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Yanks Should Investigate Ben Sheets

By Paul Catalano ~ July 20th, 2010. Filed under: Digest Contributors.

With all the rumors flying around the Yankees getting a starter to fill in for Andy PettitteTed Lilly, Roy Oswalt, Fausto Carmona, Joakim Soria, Jake Westbrook, I’ll add one named. Ben Sheets.

OK, insert injury joke here—true, Sheets is a shoulder injury waiting to happen, but Sheets offers something a few things the other guys don’t.

Let’s look at some of the other possibilities. First off, Lilly is likely to get pounded in the American league—his fastball sits at 86 mph and is plummeting. Don’t get me wrong, he’s a quality pitcher who can spot his pitches, and would still command a high price tag. But in the hitting heavy AL East, a fastball at 86, which he trusts less and less—using it 31% of the time instead of 46% last year—won’t cut it in October. Just ask slow-baller Jamie Moyer, who has an ERA a hair under 5.oo the past 3 years in interleague games.

Next, Joakim Soria. The Royals aren’t trading Joakim Soria. Forget it.

Fausto Carmona and Jake Westbrook are quality targets, but would command prohibitive prospects in return, something the Yankees already said they are reluctant to do. Carmona is a former ace, is still young and has pitched very well this season. Westbrook is a solid veteran, a groundball machine, which teams love in the postseason and wants to remain in Cleveland. Cleveland has already said they don’t want to trade Westbrook, which is GM-speak for “It’s going to be expensive to get him.”

Next up is Roy Oswalt. He has a gargantuan contract and is signed through 2011. Also, Oswalt doesn’t have any experience pitching in the AL East in high-pressure October playoff games. Too many big-name NL pitchers folded under those conditions (Randy Johnson, Kevin Brown, I’m looking at you.)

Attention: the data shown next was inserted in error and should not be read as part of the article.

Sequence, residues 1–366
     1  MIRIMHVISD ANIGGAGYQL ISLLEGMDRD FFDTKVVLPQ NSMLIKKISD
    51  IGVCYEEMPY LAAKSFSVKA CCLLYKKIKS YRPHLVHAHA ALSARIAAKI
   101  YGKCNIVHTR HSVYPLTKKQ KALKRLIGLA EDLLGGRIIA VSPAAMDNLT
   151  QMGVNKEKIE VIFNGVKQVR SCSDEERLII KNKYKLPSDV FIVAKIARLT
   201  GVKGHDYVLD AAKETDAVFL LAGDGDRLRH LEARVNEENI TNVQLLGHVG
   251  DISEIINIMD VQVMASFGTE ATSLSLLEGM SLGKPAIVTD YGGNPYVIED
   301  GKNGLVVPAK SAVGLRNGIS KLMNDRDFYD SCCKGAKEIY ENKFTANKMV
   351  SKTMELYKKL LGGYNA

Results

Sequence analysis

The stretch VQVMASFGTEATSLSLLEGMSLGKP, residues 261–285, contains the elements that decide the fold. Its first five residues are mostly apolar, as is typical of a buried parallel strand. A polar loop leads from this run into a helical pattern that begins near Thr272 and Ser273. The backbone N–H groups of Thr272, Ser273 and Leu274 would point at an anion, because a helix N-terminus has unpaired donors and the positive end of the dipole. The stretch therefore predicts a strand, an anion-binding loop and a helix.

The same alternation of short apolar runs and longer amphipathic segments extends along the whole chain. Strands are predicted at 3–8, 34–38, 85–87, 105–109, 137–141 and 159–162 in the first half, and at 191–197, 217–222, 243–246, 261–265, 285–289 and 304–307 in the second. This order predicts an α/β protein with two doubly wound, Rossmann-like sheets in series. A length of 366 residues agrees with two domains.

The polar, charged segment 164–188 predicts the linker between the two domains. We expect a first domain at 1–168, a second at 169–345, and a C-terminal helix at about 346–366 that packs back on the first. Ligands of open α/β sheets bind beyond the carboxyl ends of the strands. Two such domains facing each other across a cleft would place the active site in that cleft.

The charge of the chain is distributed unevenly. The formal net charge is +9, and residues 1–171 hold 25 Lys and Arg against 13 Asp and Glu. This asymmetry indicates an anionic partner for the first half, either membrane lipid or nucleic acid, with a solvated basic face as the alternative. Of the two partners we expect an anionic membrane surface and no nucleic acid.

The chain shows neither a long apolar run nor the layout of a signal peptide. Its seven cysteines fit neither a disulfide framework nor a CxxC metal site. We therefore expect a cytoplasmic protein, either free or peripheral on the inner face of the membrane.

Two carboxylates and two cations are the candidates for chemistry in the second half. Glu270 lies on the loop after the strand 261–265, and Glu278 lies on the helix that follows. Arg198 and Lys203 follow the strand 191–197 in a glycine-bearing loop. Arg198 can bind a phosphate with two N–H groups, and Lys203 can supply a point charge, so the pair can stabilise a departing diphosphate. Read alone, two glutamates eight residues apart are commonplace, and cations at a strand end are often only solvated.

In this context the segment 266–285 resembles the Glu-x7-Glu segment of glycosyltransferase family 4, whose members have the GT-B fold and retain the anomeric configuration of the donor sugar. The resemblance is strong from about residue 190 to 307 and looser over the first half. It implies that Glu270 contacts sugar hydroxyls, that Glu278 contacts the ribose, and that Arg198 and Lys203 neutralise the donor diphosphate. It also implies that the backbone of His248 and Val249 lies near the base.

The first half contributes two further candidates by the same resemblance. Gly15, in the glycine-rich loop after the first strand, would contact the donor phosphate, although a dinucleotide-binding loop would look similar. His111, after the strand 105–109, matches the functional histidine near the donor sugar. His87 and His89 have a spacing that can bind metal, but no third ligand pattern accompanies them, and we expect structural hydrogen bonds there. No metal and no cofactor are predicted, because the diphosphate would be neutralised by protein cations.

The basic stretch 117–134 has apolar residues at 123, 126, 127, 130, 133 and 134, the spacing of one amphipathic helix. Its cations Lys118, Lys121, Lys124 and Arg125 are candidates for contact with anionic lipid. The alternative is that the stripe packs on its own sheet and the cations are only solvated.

However, the main point is that Ben Sheets brings something the others don’t— a relatively reasonable price tag. Oakland, out of the AL race, signed Sheets to a one-year 10 million dollar contract so he could be trade bait. Sheets, after a terrible start has been pitching better of late, with a .220 BAA and a 1.42 ERA. Of his 11 last starts, 9 have been quality, pitching a 3/73 ERA in those 11 starts. That said, Sheets hasn’t been lights out, not like Oswalt or Carmona and is a sneeze away from the DL.

But what’s in it for the Yankees is that Sheets provides nice coverage. Besides just filling in for Pettitte, should Burnett flame out or should Vasquez or Hughes regress, Sheets could step in and would be a step up from Chad Gaudin, or Sergio “Who Knows What You May Get” Mitre (3 runs in 4 2/3 IP in AAA yesterday). And, come playoff time, when rotations get shorter, he could fill in the shaky Yankee bullpen (and by that I mean Joba Chamberlain).

Now if the A’s asked for the world—say Jesus Montero or Manuel Banuelos, then forget it. But Sheets, while pitching better isn’t Roy Oswalt, Joakim Soria or Cliff Lee and the A’s know it. What he is a relatively low-price, low-risk trade target.

Again, the benefits of Sheets are the expiring contract and the relatively smaller asking price (Juan Miranda, Kevin Russo, Mark Melancon, Marcos Vechionacci?). The Yankees are saying publically they want to full the hole from within, but what do you expect them to say? If the A’s ask the world, forget it. But it’s worth exploring.

Paul Catalano is an aspiring sportswriter who’s day job is as Production Manager for Field & Stream, Outdoor Life & Shot Business magazines. He has written often for his own blog at And a Player to be Named Later since 2007. His articles have been picked up by Dugout Central, Foxsports.com, Lindys.com among others. Before that, Paul got married to the lovely Elizabeth Ryan, got his Master’s in Writing from Emerson College, attended his first Yankee game at 9 years old, got his first base hit at 5 years old and was born.
Paul Catalano
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3 Responses to Yanks Should Investigate Ben Sheets

  1. ben

    waiting for silva to say trade montero for him

  2. Mike Silva

    The only players I would trade Montero for are Cliff Lee and Soria.

  3. John McKibbin

    You fine Yankee fans’ heads have all disappeared up where the moon don’t shine. For heaven’s sake, pull ‘em out!

    My Toronto Blue Jays’ current five starters are 30-25 won-lost and earn about $2.3 million. That’s not each, that’s all together.

    Rogers Communications Corp. owns the Jays and will trade you any of the starters for a real good cup of coffee and, say, $20 million. (Rogers is in it for the dough, not winning.) Amortized over four years, that’s about $5 million a year plus a salary close to the minimum.

    For the trade to satisfy the Commissioner’s Office, you’d probably have to throw in the useless Chad Gaudin along with the cup of coffee. Jays would designate Gaudin for assignment the next day. You could get him back off the waiver wire. Nobody else would want him.

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